If someone wants to make games more enjoyable or get into recording and streaming, a handy thing to acquire is a good sound card. While someone waits and saves up for a bigger or better PC, this can be an option to help provide a little boost for around $100 and make a difference when recording or playing with other people. But, with internal and external options around, which should someone choose. When it comes to Creative, the company has an internal like the Sound Blaster Z and an external like the Sound Blaster X-Fi HD to give people a chance to choose which might be best for both their immediate and long-term needs.
If you're good with tinkering, Creative's Sound Blaster Z is an option to investigate! This is a $119.99 add-on that can sometimes be found for $99.99 on sale. Once you pick up this PCIe gaming sound card, you have the chance to change things from the inside. It has Sound Core3D technology with SBX Pro Studio and CrystalVoice effects processing, 116dB signal-to-noise ration so everything will be clear, up to 24-bit / 192kHz fidelity, and 5.1 Channels. It even gives you the Beamforming mic that uses CrystalVoice Focus to center on your voice and isolate it from other sounds.
Essentially, the Creative Sound Blaster Z seems like a great internal sound card for gaming. Especially since the SBX Pro Studio is there to make things sound extra clear. There's the microphone technology to ensure the people you are playing with can hear you or, if you decide to get into streaming, that your voice doesn't get lost in the sounds of gameplay. Even more important, the Audio Stream Input/Output support reduces the latency so when you record yourself while playing or perhaps when participating in a podcast, there is a crispness that may sound like you are in a room with people. Plus, the Pro Studio Control Panel makes it easy to go between headphones and speakers, in case you are inspired by a bit of gameplay and want to hop into a recording or multiplayer session.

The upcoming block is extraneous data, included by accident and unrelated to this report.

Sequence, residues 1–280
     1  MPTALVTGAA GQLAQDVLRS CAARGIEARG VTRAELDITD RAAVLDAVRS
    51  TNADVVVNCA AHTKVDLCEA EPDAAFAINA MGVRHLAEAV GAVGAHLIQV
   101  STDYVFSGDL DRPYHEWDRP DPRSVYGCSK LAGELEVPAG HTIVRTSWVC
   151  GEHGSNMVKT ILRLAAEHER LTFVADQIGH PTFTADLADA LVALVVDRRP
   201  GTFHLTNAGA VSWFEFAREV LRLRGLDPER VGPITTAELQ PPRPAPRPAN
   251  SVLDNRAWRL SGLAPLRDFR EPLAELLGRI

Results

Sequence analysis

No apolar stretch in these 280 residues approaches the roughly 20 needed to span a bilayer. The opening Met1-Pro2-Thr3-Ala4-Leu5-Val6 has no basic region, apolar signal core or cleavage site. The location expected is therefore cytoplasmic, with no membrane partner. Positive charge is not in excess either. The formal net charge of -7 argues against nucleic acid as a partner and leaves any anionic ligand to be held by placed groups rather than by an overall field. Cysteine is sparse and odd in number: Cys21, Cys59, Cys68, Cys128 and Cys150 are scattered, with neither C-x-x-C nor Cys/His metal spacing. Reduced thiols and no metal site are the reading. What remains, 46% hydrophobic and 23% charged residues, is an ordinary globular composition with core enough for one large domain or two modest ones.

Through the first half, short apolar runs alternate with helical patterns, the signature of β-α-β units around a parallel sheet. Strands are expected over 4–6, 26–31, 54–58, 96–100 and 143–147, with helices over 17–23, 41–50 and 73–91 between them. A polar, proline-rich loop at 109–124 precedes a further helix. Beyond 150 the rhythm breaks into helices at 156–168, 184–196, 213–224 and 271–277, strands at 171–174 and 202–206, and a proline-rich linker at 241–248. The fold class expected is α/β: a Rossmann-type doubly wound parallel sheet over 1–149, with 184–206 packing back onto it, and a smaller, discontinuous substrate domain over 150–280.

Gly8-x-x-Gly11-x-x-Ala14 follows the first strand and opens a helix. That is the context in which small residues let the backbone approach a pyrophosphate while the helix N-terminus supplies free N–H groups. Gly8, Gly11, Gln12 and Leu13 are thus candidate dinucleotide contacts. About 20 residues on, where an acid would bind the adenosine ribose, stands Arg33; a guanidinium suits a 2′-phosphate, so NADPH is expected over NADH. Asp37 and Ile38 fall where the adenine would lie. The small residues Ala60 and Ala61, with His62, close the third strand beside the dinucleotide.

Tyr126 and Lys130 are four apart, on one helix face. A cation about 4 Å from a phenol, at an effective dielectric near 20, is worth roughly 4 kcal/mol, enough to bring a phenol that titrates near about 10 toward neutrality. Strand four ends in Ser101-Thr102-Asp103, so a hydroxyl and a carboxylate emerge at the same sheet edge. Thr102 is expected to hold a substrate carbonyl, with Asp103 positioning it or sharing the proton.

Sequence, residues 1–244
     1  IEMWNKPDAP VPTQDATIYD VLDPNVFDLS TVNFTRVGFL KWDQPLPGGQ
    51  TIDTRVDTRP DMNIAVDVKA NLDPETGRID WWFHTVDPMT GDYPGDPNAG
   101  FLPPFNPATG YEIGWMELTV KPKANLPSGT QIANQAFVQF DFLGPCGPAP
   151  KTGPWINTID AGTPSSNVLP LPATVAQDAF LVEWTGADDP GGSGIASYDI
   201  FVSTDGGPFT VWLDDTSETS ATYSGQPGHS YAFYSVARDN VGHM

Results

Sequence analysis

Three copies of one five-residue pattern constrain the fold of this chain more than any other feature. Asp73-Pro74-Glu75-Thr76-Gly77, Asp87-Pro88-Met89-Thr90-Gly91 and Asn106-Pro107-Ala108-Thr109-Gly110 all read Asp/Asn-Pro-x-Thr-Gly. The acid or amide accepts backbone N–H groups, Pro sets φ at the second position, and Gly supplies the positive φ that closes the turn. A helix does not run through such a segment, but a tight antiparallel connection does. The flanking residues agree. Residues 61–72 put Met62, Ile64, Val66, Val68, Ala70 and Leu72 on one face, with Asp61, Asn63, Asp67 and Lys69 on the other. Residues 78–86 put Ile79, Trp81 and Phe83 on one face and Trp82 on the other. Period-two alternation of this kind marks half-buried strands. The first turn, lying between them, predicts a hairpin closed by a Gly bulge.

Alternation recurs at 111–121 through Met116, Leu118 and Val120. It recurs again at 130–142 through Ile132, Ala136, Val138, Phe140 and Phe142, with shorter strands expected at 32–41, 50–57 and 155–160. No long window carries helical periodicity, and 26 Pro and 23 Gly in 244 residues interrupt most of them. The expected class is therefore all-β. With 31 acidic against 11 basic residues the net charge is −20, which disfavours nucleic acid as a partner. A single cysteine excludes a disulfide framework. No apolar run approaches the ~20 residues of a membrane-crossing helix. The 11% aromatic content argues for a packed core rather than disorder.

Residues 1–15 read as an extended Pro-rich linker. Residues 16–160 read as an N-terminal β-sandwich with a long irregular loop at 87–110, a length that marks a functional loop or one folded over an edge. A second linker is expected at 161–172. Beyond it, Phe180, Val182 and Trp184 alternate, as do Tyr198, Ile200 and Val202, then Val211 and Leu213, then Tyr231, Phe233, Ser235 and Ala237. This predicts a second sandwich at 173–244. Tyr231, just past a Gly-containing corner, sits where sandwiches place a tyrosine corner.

But, what if you are afraid of heading into your computer and changing things up. Well, Creative has a solution for you too. There's the Sound Blaster X-Fi HD. This is an external card that lets you plug and play. If you have a Windows PC with a spare USB 2.0 port, then you can get to work. It has gold-plated connectors for its TOSLink optical in and out, 1/4th jack with RIAA equalization for its mic in, two RCA jack line/phono in, 1/4th jack headphone out, and two RCA jack line outs. It works with SBX Pro Studio. Basically, people are set.
However, the Creative Sound Blaster X-Fi HD is not exactly equal to the Creative Sound Blaster Z, in terms of specs. It has 24-bit / 96kHz fidelity, instead of up to 24-bit / 192kHz fidelity. It has a 114 dB signal-to-noise ratio, instead of 116dB. It also has X-Fi audio technology, instead of Sound Core3D. However, considering this is an external sound card, it is incredibly close to offering the same level of quality. Plus, it has a versatility that the internal sound card does not. If you upgrade to a new computer, it is incredibly easy to transfer this over. If you collect vinyl records and have a turntable, you can use the phono preamp and RIAA EQ to preserve all of the songs with digital backups. Or, if you attend events where you may get to play games early, you could go ahead and take it with to make games sound even better.
Both of Creative's sound cards are good options for gamers to consider. Each one has its own perks. The Creative Sound Blaster Z is a good fit for people who like to trick out their desktop setups. You have a guaranteed mic that is exceptional and some extraordinary specs. You know you can transition from gaming to recording instantly. If you go with the Creative X-Fi HD, you have something a little versatile that may not be as comprehensive, but comes close and is essentially a plug and play device. Both have their positives and could make experiences better.